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Poena Cullei Is The Most Cruel And Unusual Punishment Ever Dreamt Up

The “punishment of the sack” makes crucifixion sound like a walk in the park.

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Tom Hale

Senior Journalist

clockDec 8 2022, 17:25 UTC
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Drawing of Roman soldiers attacking another soldier.

Crime and punishment in Ancient Rome was not for the faint-hearted. Image credit: William Hogarth/Wellcome Collection

History books are full of grim examples of torture, punishment, and execution. Even the Romans, who are often heralded for their supposed civility, were well-versed in cruel and inhumane ways to end another person’s life, from crucifixion to the notorious bronze screaming bull.

But of these methods, one has gained an especially feared reputation over the centuries: poena cullei.

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What Is Poena Cullei?

Loosely translated from Latin as “punishment of the sack”, it was a punishment saved for parricide – the act of killing one's own parent. It is commonly said to have involved sewing an accused person into a leather sack along with a variety of vicious animals – such as a chicken, a snake, a primate, and a dog – before throwing them into a river. 

“The penalty of parricide, as prescribed by our ancestors, is that the culprit shall be beaten with rods stained with his blood, and then shall be sewed up in a sack with a dog, a cock, a viper, and an ape, and the bag cast into the depth of the sea,” Modestinus, a well-known Roman jurist from the third century CE, reportedly wrote.

“That is to say, if the sea is near at hand; otherwise, it shall be thrown to wild beasts, according to the Constitution of the Divine Hadrian”, added Modestinus. 

Whatever killed the condemned individual in this process – whether it be the bite of a snake, the brute force of a chimp, or the suffocation of drowning – it was certain to be a highly unpleasant last moment on Earth. 

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However, many aspects of this savage punishment remain mysterious. There are no archeological remains of this act (can you imagine how confused archaeologists would be to find some?) so we are forced to rely on written sources, which can be tricky to trust from ancient times.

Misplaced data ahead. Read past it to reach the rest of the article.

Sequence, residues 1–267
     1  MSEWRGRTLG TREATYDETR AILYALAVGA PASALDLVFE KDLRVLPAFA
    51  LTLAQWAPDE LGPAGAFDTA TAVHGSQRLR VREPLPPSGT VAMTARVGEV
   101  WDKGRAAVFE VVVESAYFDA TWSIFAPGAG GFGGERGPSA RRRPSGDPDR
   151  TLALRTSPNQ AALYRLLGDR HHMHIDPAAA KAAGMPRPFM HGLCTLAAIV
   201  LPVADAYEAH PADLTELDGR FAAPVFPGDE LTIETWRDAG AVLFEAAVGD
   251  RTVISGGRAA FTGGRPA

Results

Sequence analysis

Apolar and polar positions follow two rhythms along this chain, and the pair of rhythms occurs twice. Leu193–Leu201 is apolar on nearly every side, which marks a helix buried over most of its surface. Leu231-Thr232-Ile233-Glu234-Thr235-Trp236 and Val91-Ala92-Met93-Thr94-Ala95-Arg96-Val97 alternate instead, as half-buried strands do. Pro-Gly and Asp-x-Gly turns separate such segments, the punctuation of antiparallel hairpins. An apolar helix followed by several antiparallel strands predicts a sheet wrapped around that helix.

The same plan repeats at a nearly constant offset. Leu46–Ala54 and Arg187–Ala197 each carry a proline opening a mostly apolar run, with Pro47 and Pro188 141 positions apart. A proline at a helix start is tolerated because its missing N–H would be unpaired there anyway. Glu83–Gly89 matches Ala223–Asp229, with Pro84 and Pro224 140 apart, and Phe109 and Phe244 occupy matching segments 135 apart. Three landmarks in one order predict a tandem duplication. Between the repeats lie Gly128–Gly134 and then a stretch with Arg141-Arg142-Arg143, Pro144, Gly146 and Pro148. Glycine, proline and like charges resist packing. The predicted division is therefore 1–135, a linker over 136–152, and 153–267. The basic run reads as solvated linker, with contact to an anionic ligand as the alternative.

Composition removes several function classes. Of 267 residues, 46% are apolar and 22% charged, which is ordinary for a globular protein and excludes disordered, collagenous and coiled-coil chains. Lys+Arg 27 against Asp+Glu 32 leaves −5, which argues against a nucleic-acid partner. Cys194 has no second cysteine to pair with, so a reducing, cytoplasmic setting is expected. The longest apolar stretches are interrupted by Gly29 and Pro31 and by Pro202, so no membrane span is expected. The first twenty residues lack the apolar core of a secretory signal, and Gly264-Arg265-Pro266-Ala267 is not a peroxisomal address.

That quote above from Modestinus, for example, comes from a law history book published in 1932. This cites a digest ordered by emperor Justinian in the sixth century CE, over 200 years after Modestinus lived. Who knows how many re-iterations the tale may have undergone over the centuries through dozens of translations?

Some historians suspect the punishment wasn’t actually carried out in reality. After all, getting a dog and an ape into the same sack would not be an easy task. Many argue it was only used as a threat designed as a deterrent to terrify anyone who even thought of killing their parents. Others believe it involved tying the accused up in a leather sack but perhaps didn’t involve the addition of other beasts. 

Whatever its origins, it appears that the punishment of the sack may have had a renaissance during the late medieval and early modern periods in parts of Europe, at a time when many were revisiting the old ways of great ancient civilizations for inspiration.

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Historian Florike Egmond writes that poena cullei had its “heyday” during the 15th, 16th, and early 17th centuries, but was widely known in various parts of the German-speaking countries, the Netherlands, France, Spain, and Italy from 1200 CE until the middle of the 18th century. She says the last record of the punishment being administered comes from Germany towards the end of this period in the early 1700s. 

So who knows, if your great-great-great-great-great-great-grandparent lived around Central Europe and took the decision to kill their parent, perhaps they were subjected to this truly bizarre means of execution.


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  • tag
  • death,

  • history,

  • punishment,

  • Roman Empire,

  • Ancient Rome,

  • torture,

  • capital punishment

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